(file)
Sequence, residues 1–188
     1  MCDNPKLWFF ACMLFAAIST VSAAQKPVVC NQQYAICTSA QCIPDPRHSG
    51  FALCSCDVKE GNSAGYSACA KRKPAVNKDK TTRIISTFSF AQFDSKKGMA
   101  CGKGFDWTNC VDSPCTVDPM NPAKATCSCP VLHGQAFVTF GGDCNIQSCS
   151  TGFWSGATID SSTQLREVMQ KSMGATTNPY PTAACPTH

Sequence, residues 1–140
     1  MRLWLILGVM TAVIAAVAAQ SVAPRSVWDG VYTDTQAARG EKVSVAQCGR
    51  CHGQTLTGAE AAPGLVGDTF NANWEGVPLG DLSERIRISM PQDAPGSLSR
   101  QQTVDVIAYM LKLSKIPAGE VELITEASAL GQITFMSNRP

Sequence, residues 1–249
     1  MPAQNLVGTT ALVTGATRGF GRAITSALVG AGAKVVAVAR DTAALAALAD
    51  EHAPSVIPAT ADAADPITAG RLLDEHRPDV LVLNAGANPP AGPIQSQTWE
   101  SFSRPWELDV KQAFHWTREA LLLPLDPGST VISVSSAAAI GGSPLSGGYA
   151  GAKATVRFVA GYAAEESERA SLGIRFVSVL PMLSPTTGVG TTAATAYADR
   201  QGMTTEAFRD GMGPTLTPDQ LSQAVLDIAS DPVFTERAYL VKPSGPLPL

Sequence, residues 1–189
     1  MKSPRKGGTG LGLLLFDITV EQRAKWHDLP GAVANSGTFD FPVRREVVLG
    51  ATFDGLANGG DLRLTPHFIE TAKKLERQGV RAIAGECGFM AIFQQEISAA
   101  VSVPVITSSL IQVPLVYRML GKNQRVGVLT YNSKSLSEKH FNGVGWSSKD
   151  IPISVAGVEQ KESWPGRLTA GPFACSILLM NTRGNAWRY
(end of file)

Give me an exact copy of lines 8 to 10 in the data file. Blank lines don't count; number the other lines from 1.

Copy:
    51  CHGQTLTGAE AAPGLVGDTF NANWEGVPLG DLSERIRISM PQDAPGSLSR
   101  QQTVDVIAYM LKLSKIPAGE VELITEASAL GQITFMSNRP

Sequence, residues 1–249